Numerous surveys have shown that the vast majority of people are leery about ISPs recording and sharing data about them. As a small ISP you can take advantage of this sentiment to get a competitive advantage. Most small ISPs compete against the larger ISPs, and we all know that those companies have willingly and directly handed customer data to the NSA.
Probably the biggest step you can take in this area is to look at your data retention practices. I’ve visited clients who retain records of everything their customers have done on-line for the last year or even longer. They generally say this is done for the purposes of being able to trace network problems and also because data storage is cheap.
There are FCC requirements to retain originating telephone calling records for 18 months. That requirement was recently bolstered by asking you to keep even more data about calls placed to rural locations for six months. But there are no legal requirements that you must track the web sites people visit or retain emails or other web-related records for any length of time.
Think about the message that you can send to your customers if you make it a point to not store customer data for any longer than necessary. You probably want to keep things for a little while for the purpose of investigating network problems and answering custom inquiries. You should make an assessment of how often you need to look backwards at customer data to help determine the right time to keep records. You might even be able to justify not recording some things in the first place.
You can’t always erase customer data. Obviously you have to comply with law enforcement subpoenas, but those can only require you to record and turn over data going forward and you are not required to have kept older data. And most ISPs will voluntarily save and track data for customers who request it, such as somebody who is being cyber-harassed. The hardest data to have a policy for are emails. What you might want to consider is that when a customer deletes an email that you also permanently delete it. This puts emails into the control of your customers instead of you. But if they choose to retain emails you obviously must keep them. Otherwise there is very little reason for you to be keeping customer data. If you don’t have a very specific network security reason to store something, then don’t do it.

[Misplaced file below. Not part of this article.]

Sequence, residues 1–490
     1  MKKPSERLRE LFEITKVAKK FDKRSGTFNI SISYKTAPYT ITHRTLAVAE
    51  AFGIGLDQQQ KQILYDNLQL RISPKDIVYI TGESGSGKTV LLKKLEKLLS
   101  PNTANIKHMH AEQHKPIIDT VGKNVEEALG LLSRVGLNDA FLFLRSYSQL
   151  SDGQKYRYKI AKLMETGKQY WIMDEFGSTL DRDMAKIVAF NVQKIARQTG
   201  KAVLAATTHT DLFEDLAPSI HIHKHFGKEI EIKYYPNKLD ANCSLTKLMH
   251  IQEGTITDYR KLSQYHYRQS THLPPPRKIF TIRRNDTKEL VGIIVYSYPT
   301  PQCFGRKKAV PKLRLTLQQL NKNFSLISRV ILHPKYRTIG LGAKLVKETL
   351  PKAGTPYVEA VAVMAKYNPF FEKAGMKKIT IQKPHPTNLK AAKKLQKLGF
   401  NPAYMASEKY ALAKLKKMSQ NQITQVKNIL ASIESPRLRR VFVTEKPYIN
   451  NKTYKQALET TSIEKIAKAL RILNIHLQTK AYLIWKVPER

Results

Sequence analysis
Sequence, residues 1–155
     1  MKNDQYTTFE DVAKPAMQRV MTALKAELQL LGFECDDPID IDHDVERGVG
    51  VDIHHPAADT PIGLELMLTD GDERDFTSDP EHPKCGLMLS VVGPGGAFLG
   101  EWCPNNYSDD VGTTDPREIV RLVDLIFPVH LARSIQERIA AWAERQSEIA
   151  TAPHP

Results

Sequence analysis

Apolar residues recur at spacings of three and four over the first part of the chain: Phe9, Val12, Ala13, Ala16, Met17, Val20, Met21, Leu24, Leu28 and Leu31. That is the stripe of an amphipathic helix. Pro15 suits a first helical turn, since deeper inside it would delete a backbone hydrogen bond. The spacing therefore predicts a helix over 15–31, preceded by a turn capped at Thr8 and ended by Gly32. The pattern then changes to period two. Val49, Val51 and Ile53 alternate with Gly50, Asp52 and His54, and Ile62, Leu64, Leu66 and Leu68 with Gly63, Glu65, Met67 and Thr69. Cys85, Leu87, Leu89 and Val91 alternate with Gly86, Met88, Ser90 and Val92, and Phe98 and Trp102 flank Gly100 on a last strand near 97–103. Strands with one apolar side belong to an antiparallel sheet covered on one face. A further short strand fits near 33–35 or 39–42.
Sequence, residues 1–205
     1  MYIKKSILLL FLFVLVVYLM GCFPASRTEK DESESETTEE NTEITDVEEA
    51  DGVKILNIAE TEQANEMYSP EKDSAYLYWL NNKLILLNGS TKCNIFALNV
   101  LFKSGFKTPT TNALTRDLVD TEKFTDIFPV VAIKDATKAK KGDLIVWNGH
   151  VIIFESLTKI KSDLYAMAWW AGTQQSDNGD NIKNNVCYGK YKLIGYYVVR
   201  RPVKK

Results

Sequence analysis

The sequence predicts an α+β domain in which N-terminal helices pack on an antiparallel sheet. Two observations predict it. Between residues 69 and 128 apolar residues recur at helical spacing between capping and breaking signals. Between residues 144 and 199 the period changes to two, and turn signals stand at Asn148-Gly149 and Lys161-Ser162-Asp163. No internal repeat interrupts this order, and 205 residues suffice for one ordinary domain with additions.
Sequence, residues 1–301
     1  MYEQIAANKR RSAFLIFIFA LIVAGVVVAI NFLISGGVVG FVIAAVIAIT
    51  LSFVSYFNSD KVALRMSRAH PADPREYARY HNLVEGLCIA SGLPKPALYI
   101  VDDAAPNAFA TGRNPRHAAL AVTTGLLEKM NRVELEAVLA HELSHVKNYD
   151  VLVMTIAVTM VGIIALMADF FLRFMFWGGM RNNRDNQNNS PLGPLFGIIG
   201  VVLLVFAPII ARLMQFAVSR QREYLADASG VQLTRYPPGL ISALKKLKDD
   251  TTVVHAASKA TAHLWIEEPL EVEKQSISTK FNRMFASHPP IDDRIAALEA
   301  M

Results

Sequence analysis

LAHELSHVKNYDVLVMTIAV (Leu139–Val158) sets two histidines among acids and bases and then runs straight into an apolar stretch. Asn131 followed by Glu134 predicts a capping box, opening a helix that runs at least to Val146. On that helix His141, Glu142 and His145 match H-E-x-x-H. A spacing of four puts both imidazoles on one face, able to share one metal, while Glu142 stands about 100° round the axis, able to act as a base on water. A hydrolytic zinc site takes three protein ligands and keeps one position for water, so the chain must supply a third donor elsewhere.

If you are proactive on customer privacy and data retention you should make sure that your customers know about your policies. You can openly pledge to customers that you are taking concrete steps to protect their privacy. Such pledges can be a good marketing tool for you, particularly if your competition can’t or won’t make such promises. So make sure you don’t miss an opportunity to talk about your practices.
You can go even further and educate people in general about practices which will help them preserve their privacy. Changing to a no-tracking search engine is a good start, but other practices like clearing their cache of cookies or turning off location identifiers are other ways for people to have a lower web profile. So you can create a few educational pages informing people about good web practices. Again, the point is to show that you care about their desire for privacy.
You obviously can’t help your customers if the NSA is somehow still snagging a lot of the data at some later point in the network. But very few people are as worried about the NSA as they are about the big web companies like Google that are gathering a detailed profile about them and then selling this to marketers of all types. So take whatever steps you can to assure your customer that you understand their concerns about privacy and that you are on their side.